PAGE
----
Peter Davison, aka the 5th Doctor, thinks Time Lords are always men…sigh



Ughhhhh. Just when we get Stephen Moffat on board with the idea of the Doctor becoming a Time Lady – both in interviews and tacitly through dialogue at the end of Series 8 – along comes the 5th incarnation of the Doctor with his rigid views on Gallifreyan biology.

Peter Davison, who played the fedora-wearing (coincidence? I think not) incarnation of the Doctor from 1981 to 1984. During an interview with ABC Australia, the question of the last of the Time Lords switching genders came up.

Davison said, “I have trouble with the idea of a female Doctor, only because I reckon if you're born on Gallifrey a man, you're probably a male Time Lord.”

Ah yes, because a species whose entire survival hinges on complete DNA regeneration would never have need nor desire to change gender.

But why would Davison, who”s own daughter Georgia Moffat played the Doctor”s Daughter during David Tennant”s tenure, think in such a way? Chalk it up to his assumption that a female Doctor would never be written as brashly as, say, Peter Capaldi”s Doctor.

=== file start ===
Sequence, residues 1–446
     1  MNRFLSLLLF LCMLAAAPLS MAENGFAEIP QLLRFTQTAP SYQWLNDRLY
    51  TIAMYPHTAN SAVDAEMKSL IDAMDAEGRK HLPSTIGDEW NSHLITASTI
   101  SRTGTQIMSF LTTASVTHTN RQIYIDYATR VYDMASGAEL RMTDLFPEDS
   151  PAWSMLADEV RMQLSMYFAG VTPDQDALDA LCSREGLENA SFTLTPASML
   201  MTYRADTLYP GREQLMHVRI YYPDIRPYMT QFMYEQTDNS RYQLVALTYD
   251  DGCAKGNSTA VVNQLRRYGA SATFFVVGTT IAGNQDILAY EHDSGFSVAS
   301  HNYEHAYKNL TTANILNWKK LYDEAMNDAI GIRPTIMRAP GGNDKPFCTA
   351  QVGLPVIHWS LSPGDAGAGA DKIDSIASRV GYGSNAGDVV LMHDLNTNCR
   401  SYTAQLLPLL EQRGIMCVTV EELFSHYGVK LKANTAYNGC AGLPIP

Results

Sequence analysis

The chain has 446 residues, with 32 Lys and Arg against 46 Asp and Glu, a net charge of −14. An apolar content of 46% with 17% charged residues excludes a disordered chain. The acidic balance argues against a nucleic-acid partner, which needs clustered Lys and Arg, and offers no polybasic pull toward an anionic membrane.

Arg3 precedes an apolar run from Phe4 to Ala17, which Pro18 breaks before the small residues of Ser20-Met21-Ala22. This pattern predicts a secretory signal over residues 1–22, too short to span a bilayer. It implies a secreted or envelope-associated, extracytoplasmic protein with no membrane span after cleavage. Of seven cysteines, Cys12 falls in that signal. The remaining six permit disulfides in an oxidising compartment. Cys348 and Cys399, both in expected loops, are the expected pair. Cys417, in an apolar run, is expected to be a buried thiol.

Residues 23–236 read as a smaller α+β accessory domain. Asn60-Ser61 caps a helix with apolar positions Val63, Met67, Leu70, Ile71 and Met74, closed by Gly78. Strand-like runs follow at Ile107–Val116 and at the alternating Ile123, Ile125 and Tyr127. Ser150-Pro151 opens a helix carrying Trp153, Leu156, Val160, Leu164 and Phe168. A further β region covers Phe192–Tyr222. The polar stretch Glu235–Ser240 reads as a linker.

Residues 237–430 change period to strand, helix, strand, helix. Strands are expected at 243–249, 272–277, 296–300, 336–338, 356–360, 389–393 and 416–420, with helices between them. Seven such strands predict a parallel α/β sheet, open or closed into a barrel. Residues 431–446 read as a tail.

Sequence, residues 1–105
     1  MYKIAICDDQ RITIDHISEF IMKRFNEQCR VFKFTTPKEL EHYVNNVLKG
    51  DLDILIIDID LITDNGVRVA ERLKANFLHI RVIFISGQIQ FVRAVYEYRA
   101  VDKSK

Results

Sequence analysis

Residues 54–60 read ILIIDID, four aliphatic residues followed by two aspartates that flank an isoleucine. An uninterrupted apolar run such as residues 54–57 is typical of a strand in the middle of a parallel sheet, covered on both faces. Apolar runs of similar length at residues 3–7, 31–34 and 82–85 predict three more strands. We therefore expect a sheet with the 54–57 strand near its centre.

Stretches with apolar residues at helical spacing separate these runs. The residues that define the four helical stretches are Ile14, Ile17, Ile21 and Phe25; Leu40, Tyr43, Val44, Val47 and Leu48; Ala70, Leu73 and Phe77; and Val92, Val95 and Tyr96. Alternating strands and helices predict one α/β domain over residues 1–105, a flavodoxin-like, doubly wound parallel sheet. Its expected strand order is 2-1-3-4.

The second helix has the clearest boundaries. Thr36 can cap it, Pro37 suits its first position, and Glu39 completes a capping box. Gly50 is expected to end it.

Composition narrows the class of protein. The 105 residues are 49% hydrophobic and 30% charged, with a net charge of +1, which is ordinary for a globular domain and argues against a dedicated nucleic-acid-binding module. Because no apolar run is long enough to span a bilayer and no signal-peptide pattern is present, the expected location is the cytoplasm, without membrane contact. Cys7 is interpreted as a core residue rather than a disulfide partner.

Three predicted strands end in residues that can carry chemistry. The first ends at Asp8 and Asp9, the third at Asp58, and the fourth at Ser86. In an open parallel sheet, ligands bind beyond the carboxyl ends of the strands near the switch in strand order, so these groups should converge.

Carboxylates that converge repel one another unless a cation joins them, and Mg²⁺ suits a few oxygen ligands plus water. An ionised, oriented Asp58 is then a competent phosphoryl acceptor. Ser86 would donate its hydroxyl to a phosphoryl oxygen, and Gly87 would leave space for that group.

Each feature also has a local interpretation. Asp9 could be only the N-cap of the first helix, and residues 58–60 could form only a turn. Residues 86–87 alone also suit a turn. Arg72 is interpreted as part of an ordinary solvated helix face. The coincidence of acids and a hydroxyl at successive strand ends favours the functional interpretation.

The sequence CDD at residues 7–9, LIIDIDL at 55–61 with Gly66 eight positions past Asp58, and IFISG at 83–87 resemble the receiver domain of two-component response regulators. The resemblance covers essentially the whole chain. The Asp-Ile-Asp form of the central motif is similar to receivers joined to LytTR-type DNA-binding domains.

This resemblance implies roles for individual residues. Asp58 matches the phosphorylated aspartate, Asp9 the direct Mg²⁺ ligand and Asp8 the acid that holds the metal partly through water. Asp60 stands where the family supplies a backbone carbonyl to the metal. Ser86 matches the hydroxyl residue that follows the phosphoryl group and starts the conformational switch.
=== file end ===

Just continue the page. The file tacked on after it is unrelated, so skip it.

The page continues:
“[…] if you have an uncertain, fallible female Doctor with a really strong male companion, you've got more of a stereotype than anything else.” Davison explained. He goes on to say ladies could have their OWN show, maybe even with is daughter as the lead.

Personally, I”m all for the return of the Doctor”s Daughter. But there”s nothing in the Whovian rules that says the Doctor has to be outwardly uncertain to be emotionally damaged, as Missy has so capably shown us. Or that the companion has to be the opposite gender of the Doctor. In fact, I”d argue that Vastra and Jenny are basically a prototype for a Time Lady and her female companion.

But, I guess the concept of a fictional alien who can physically alter everything about himself CHOOSING to be a woman is a silly idea, when you think about it. I mean, with ingrained sexism like this, what man in their right mind would willing subject themselves!?

Around The Web